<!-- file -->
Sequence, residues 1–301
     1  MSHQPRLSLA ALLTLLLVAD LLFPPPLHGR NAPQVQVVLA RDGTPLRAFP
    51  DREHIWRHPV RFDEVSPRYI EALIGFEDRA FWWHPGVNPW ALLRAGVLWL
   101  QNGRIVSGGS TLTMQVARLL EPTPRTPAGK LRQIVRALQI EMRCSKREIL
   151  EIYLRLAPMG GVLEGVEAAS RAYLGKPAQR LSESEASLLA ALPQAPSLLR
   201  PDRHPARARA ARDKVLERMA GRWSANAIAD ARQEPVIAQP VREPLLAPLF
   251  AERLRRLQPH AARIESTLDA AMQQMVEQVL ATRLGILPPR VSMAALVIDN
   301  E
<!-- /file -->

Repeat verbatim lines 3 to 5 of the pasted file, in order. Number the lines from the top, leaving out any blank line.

    51  DREHIWRHPV RFDEVSPRYI EALIGFEDRA FWWHPGVNPW ALLRAGVLWL
   101  QNGRIVSGGS TLTMQVARLL EPTPRTPAGK LRQIVRALQI EMRCSKREIL
   151  EIYLRLAPMG GVLEGVEAAS RAYLGKPAQR LSESEASLLA ALPQAPSLLR